Yvette Curtis has recently been shortlisted for the Sunday Times Vitality Grassroots Sportswoman of the Year Award for the work she’s doing with a surf club she founded for girls and women, Wave Wahines.
The shortlist is out of four nominees and is now in a public vote which closes on 18th November at midday, here’s Yvette’s story. Give her a vote for the award!

Photos: Jim Wileman

Yvette, tell us a bit about your background and what’s your day job?
I’m a Personal Trainer and have been in the sporting and gym industry for over a decade. After the birth of my third daughter in 2018, I struggled with Post Natal Depression and felt unable to return to full-time PT but always wanted to remain in PT and in a sporting role. The universe worked it’s magic and I started a part-time job with National Governing Body, Surfing England! That meant I could still Personal Train, still focus on Wave Wahines and be part of a sport at one of the highest levels of governance.

When did you start to learn to surf?
Well, hmmm I’m still learning to be honest. I went on a surfing weekend when I turned 30, (10 years ago!) and have been pretty terrible at it since! Thankfully I love wiping out – or at least, I have learned to love it.

How did you get involved with setting up Wave Wahines?
My eldest daughter, Aliyah, can take the credit for that one. She was very determined to surf more when she was about 12 but I certainly was not able to coach her so I sat and thought there must be other parents in the same boat as me? We looked at local clubs but, as expected, they were very male dominated and you still needed to have your own gear. I was running my own very successful business so I spoke to a couple of local female coaches Karma & Liv, my partner Steve and local surf school, Surf South West and everyone liked the idea and the surf school agreed to support us. Just like that Wave Wahines was born.

What kind of things to you get involved in at the surf club?
We started with girls aged between 9-16 years (the standard age to drop out of school sports for a variety of reasons). We run the club all year for them. We are surfing from March to November and then we have a winter program consisting of gym training, swim fitness, swim fun, yoga, and jewellery making to name a few. For our surf sessions, I will often lead the warm up and then hand over to the experts and be in the water with the girls to keep them motivated and having fun. This year we also started an over 30s coached session after lots of requests and we are regularly having over 20 women at those sessions. It’s been such a wonderful addition to the community we are creating!

How supportive has the north Devon community been?
On the whole I think it’s been really well received and we have had great support from some of our local councillors to support funding bids so we can provide more coaching.
We are lucky enough to live somewhere that some of the current elite surfers live and we have had guest coaching from England numbers 1 & 2 in Peony Knight and Lucy Campbell which has been incredible. So yes the local community has been pretty supportive of what we are doing.

What’s the best thing about living and surfing in north Devon?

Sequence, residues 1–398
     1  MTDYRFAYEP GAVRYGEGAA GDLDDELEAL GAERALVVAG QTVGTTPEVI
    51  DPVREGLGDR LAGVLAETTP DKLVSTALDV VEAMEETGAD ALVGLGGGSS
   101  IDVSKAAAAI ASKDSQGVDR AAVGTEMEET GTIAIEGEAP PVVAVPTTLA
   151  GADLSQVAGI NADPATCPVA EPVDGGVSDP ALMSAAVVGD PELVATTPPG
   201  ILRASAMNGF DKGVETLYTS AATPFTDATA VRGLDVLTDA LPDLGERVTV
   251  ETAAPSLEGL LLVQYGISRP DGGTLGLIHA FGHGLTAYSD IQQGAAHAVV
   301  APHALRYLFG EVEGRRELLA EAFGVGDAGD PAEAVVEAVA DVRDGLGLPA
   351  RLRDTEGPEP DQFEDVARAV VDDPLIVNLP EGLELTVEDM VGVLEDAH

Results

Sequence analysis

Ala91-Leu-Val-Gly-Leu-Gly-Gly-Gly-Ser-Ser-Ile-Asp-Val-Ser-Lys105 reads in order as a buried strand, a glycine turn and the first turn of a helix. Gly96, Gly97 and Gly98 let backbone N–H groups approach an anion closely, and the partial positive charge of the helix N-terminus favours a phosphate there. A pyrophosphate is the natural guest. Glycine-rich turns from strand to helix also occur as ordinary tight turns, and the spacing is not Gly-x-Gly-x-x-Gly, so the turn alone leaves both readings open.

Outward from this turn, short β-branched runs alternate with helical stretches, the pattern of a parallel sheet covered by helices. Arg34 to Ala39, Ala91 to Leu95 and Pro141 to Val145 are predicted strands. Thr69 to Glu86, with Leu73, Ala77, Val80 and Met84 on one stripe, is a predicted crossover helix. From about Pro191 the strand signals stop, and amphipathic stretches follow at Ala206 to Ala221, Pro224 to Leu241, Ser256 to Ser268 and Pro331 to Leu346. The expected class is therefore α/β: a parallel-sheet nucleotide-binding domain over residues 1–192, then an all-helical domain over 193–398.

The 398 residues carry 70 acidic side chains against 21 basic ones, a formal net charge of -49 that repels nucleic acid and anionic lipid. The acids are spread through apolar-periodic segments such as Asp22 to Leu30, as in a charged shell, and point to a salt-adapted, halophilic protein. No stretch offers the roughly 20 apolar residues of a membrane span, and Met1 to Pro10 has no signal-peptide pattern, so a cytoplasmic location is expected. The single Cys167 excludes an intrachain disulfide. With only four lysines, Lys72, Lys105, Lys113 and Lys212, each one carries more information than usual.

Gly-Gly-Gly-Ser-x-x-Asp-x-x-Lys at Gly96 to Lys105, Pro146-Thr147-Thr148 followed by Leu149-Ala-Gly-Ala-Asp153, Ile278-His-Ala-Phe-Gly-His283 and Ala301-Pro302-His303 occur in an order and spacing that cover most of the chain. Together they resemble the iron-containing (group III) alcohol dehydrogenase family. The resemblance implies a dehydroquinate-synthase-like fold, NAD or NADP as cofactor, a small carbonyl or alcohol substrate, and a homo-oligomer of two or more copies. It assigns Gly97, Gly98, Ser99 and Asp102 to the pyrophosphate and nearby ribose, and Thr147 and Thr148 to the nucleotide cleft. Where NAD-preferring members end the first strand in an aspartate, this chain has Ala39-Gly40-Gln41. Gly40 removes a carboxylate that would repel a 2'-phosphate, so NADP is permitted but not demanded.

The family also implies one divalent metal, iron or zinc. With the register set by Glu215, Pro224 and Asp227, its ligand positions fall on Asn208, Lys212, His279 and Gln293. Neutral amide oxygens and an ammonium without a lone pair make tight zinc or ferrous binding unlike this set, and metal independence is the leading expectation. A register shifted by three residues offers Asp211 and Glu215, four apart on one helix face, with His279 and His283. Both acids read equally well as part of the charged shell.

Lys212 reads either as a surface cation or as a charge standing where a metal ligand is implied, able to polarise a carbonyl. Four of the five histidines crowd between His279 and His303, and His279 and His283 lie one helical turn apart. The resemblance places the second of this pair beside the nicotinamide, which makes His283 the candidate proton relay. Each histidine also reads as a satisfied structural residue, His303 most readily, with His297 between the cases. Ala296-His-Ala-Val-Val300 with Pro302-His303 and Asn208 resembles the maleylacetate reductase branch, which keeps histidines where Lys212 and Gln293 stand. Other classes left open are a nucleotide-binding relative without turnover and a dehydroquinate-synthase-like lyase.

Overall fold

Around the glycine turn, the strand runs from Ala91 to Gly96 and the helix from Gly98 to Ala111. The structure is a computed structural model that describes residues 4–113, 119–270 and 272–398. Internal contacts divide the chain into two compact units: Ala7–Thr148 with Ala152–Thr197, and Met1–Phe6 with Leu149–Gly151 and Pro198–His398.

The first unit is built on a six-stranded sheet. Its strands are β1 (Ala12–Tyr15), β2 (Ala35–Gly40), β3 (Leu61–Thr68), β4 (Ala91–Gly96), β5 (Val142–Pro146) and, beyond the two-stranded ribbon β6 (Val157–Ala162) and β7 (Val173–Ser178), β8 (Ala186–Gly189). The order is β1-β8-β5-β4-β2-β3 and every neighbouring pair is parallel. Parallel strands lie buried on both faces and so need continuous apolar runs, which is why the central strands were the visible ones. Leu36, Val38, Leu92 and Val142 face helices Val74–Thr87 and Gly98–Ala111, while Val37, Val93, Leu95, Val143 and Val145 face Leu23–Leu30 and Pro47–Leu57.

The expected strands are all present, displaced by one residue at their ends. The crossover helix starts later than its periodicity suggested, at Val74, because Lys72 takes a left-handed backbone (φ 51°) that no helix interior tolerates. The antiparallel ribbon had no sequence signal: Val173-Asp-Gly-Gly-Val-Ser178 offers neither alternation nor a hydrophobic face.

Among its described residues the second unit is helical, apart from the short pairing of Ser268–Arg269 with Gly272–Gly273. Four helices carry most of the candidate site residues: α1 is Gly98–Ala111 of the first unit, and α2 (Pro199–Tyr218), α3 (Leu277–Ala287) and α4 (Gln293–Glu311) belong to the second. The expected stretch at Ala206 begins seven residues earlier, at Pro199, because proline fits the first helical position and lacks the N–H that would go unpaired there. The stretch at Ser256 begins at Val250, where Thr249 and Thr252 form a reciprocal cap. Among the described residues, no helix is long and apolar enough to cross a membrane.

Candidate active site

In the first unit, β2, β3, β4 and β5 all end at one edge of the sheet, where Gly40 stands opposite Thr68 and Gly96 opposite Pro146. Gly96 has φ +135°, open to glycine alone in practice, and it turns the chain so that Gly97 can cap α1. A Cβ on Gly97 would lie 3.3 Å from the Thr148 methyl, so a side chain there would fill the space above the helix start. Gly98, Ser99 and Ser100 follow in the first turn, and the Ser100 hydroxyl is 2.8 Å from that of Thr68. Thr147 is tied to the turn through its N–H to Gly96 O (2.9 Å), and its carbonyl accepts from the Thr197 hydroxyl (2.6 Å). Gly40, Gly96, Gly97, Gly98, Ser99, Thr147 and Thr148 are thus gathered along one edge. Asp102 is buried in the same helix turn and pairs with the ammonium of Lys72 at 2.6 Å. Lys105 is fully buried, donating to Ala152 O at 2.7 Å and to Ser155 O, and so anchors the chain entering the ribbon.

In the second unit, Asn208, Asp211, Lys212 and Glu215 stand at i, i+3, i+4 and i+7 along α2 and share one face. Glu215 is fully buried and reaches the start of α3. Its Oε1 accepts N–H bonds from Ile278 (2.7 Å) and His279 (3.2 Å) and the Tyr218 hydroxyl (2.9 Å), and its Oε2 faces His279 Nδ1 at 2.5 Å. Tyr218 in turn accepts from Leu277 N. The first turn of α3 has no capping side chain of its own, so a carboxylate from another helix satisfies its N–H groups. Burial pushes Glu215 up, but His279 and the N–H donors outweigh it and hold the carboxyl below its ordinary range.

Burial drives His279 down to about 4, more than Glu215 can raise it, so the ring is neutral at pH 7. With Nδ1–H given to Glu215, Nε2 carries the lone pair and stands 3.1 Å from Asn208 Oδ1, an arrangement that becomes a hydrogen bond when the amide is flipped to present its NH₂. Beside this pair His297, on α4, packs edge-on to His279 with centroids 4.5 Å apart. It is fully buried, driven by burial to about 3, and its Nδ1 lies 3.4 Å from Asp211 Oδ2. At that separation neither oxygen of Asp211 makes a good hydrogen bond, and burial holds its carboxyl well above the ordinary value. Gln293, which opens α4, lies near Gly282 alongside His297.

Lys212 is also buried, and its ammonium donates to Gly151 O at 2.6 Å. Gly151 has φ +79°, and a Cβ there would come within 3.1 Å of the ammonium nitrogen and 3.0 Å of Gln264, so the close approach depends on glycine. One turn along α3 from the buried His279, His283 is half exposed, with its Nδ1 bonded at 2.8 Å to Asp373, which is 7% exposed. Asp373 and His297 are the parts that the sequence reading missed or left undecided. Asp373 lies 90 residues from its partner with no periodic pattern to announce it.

There’s a lovely sense of community down here and so many live an outdoors type lifestyle, with some of the most beautiful scenery. As with anywhere surfing is still male dominated and that can be intimidating but we are hoping with the increase of clubs like ours, Surf Senioritas, Newquay Womens SurfClub, Daughters of the Sea, The How People to name a few – we are giving more women and girls the access, the company, the knowledge and the confidence to close that gap.

There’s a lovely sense of community down here and so many live an outdoors type lifestyle, with some of the most beautiful scenery.

Who are the up and coming stars in your area?
At Wave Wahines our priority is making surfing a fun, safe and inclusive environment for all our women and girls so the focus isn’t really on competition and professional pathways, however, we have high level coaches that are always pushing for progress on the waves and the wave selection. We are looking to help facilitate those who are looking into a competitive side as there is a real disparity there, so are currently looking at that elite pathway and how it could look. That being said, I train siblings Belle(12) & Beau(16) Betterigde and they are definitely ones to watch! Belle just won the UK Pro Surf Tour Under 18 and Under 16 girls! I firmly believe those guys will go far.

Describe what’s happening with the Sunday Times Vitality Grassroots Sportswoman of the year award – how did it come about?
I’m still so incredibly overwhelmed and flattered at this! Can you imagine having such female sporting royalty discussing what you do in a room….and then choosing you! Insane. I was nominated from several of our members or their parents and then the judges shortlisted myself and three other nominees.
The award is currently out for public voting until noon on November 18th so it’s all down to you guys to decide. Myself and my eldest daughter are going to the awards in London and are super excited obviously.

What motto do you live by?
As a trainer I have always use “Change Starts Today” as we spend so much time looking back or judging what we did wrong yesterday or couldn’t do last time so always remember to be present in what you’re doing – live those moments.

Please head to the below site to cast your votes for Grassroots Sportswoman of the Year and for Team of the Year